Roma, named after two previous ships and the city of Rome,[N 1] was the third Vittorio Veneto-class battleship of Italy's Regia Marina (Royal Navy). The construction of both Roma and her sister ship Impero was due to rising tensions around the world and the navy's fear that only two Vittorio Venetos, even in company with older pre-First World War battleships, would not be enough to counter the British and French Mediterranean Fleets. As Roma was laid down almost four years after the first two ships of the class, some small improvements were made to the design, including additional freeboard added to the bow.
Roma was commissioned into the Regia Marina on 14 June 1942, but a severe fuel shortage in Italy at that time prevented her from being deployed; instead, along with her sister ships Vittorio Veneto and Littorio, she was used to bolster the anti-aircraft defenses of various Italian cities. In this role, she was severely damaged twice in June 1943, from bomber raids on La Spezia. After repairs in Genoa through all of July and part of August, Roma was deployed as the flagship of Admiral Carlo Bergamini in a large battle group that eventually comprised the three Vittorio Venetos, eight cruisers and eight destroyers. The battle group was scheduled to attack the Allied ships approaching Salerno to invade Italy (Operation "Avalanche") on 9 September 1943, but the news of the 8 September 1943 armistice with the Allies led to the operation being cancelled. The Italian fleet was instead ordered to sail to La Maddalena (Sardinia) and subsequently to Malta to surrender to the Allies.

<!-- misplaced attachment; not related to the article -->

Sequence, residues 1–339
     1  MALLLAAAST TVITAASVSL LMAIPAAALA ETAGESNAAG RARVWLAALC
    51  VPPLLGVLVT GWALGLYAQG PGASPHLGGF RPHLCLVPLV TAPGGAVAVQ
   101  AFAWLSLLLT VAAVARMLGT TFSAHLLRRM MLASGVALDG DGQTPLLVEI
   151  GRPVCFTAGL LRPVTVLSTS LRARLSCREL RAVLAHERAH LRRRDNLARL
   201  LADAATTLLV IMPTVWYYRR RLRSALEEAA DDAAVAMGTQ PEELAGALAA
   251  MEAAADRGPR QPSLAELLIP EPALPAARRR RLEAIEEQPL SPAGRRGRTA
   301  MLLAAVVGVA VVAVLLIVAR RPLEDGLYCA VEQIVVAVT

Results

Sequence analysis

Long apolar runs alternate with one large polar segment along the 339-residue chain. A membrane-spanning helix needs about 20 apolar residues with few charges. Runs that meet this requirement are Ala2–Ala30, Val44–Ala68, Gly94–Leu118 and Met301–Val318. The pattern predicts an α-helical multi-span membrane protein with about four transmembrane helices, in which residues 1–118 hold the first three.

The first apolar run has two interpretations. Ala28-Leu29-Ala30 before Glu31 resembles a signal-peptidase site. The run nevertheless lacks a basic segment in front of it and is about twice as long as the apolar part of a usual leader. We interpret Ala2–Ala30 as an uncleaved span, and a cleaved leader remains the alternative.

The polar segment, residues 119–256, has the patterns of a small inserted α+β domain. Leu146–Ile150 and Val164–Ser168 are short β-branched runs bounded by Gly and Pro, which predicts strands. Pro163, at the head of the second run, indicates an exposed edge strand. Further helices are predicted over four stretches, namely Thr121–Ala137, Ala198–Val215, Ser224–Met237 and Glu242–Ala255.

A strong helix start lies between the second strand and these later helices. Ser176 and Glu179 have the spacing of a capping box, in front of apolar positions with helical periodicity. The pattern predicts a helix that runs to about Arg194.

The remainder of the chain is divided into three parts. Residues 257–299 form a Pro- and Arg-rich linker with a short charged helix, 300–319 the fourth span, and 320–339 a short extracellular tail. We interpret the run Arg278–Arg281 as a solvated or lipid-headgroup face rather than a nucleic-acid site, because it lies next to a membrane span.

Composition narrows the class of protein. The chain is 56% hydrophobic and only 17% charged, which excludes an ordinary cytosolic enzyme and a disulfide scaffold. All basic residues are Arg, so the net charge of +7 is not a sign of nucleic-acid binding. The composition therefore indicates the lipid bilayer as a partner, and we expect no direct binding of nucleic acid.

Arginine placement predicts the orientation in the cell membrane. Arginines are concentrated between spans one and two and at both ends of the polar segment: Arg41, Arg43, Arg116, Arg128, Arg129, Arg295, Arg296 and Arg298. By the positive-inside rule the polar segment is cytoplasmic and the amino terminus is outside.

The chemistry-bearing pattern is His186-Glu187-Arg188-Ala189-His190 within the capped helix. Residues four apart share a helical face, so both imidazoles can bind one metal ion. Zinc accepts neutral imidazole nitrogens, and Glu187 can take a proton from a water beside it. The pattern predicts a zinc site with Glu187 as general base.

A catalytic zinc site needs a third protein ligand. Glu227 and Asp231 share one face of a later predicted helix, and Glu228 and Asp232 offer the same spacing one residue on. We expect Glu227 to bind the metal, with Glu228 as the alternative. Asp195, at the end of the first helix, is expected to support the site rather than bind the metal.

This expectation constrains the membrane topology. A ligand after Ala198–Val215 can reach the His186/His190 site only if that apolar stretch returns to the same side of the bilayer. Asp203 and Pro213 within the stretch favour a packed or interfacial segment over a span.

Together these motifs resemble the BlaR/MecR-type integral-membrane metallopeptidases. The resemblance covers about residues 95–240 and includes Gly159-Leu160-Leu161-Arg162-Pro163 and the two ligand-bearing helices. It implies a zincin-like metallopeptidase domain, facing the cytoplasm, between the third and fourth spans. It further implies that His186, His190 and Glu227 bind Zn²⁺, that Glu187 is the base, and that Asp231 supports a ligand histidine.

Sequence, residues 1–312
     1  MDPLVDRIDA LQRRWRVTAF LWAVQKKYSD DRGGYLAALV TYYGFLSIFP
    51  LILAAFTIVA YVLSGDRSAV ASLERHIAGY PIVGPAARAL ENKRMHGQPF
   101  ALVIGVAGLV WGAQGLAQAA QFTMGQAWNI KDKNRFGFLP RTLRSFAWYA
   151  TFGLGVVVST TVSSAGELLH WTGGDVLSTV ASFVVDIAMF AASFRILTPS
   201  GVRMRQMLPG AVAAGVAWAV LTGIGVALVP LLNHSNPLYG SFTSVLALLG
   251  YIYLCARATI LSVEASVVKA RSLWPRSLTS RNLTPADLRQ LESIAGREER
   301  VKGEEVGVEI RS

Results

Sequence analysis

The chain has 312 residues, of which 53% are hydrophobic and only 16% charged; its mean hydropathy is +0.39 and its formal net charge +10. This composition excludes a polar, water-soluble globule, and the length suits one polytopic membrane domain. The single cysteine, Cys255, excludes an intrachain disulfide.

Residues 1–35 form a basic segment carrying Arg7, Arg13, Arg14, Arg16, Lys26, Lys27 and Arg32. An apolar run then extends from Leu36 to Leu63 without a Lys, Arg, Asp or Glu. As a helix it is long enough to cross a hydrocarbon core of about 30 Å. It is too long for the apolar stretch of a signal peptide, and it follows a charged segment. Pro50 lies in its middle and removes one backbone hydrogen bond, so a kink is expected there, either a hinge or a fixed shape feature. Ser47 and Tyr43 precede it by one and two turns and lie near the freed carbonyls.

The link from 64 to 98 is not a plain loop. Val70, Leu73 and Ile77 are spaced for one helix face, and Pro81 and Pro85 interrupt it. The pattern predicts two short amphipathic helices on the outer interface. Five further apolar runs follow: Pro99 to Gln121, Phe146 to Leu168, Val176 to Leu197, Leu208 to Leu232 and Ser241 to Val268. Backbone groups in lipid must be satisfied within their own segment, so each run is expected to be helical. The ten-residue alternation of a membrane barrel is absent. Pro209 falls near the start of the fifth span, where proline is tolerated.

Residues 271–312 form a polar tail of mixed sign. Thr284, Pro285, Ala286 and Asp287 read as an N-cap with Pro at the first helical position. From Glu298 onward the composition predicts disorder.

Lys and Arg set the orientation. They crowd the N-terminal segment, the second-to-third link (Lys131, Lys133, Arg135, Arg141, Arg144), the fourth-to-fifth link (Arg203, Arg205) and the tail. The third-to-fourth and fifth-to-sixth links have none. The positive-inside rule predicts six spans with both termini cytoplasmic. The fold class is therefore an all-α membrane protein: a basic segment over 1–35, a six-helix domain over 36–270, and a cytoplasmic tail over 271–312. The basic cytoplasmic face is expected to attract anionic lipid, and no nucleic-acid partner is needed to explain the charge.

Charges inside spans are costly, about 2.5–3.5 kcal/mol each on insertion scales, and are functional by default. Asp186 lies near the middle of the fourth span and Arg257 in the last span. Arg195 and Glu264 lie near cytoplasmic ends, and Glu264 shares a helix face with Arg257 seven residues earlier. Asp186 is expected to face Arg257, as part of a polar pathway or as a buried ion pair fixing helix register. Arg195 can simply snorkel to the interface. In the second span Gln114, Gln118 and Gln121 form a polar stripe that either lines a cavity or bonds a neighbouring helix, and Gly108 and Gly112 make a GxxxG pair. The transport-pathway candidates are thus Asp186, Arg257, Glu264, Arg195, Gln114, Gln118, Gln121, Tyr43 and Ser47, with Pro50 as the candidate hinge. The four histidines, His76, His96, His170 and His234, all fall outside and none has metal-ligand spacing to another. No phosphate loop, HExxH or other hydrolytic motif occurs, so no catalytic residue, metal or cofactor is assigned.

While the force was in the Strait of Bonifacio, Dornier Do 217s of the German Luftwaffe's specialist wing KG 100—armed with Fritz X radio-controlled bombs—sighted the force. The first attack failed, but the second dealt Italia (ex-Littorio) and Roma much damage. The hit on Roma caused water to flood two boiler rooms and the aft engine room, leaving the ship to limp along with two propellers, reduced power, and arc-induced fires in the stern of the ship. Shortly thereafter, another bomb slammed into the ship and detonated within the forward engine room, causing catastrophic flooding and the explosion of the #2 main turret's magazines, throwing the turret itself into the sea. Sinking by the bow and listing to starboard, Roma capsized and broke in two, carrying 1,393 men—including Bergamini—down with her. wiki